There are two kinds of people: those who lie only when the occasion calls for it, and those who tell the truth only when it suits their purposes. Those who always tell the truth, no matter what, because that wins them the favor of a god, or their mother, or whatever, are in the latter category. Their purpose is winning that favor.
There are times when the right thing to do is lie. The classic example is telling the Nazis that of course there are no Jews hiding in your house. You haven’t seen any Jews lately. No Jews around here, that’s for sure. A more current example could be telling your neighbor that you have no idea where his wife is, although you know she sought refuge to escape his abuse. There are times when too much honesty can get somebody killed.
It makes sense, then, that you should learn how to be a good liar, just for those occasions. An honest person is not one who never lies, but one who only lies to prevent harm. Yet most of us have been taught to feel guilty for telling any kind of lie, even one intended to protect the innocent. That makes it more difficult for us to lie convincingly when it is called for. Maybe, instead of punishing our kids for lying, we should be teaching them how to determine which things they should be upfront about, and which things are appropriate to conceal. And under what circumstances it is right to boldly lie.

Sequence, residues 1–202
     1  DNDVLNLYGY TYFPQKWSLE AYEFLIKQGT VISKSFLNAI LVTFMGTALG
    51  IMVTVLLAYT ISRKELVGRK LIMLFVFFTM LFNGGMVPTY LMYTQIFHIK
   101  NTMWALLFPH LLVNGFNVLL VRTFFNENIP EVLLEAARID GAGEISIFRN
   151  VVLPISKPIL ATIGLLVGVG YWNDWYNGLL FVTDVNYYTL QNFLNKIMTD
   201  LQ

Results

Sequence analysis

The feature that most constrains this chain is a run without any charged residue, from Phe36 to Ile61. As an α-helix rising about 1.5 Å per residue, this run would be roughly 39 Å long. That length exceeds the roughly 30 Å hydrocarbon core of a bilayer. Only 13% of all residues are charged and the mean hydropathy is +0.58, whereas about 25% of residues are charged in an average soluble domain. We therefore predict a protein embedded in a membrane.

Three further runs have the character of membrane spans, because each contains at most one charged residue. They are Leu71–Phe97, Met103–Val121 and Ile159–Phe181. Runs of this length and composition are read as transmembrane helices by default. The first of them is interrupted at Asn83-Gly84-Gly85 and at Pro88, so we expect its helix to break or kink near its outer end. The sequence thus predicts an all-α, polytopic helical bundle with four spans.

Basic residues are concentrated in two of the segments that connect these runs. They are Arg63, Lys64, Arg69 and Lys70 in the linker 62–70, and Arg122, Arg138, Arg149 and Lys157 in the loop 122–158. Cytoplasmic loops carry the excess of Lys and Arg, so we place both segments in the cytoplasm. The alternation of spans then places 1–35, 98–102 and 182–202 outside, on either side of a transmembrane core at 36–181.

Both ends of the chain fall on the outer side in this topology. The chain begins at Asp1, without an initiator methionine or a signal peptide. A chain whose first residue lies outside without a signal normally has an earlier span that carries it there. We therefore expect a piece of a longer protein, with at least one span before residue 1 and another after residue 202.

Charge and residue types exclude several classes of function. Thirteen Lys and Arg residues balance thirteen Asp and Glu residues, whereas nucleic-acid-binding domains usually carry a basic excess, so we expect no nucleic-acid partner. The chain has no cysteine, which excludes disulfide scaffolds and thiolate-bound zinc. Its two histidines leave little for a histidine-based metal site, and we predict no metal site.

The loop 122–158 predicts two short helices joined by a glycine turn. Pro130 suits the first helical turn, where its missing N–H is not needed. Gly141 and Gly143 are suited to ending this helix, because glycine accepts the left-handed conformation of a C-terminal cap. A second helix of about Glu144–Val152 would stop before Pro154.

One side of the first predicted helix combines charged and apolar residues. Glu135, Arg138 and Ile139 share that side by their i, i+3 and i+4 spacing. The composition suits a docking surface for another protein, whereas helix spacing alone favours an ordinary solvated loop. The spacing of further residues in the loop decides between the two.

Learning to be a responsible member of society is complicated, in part because “society” is often irresponsible. We like to think that we can always trust the authorities to do the right thing, but we know that they often do not. Because of that, it is dangerous to invariably tell the truth. When the situation calls for it, it is much better lie deliberately, being well aware of the difference between truth and fiction, and being comfortable that it is the right thing to do.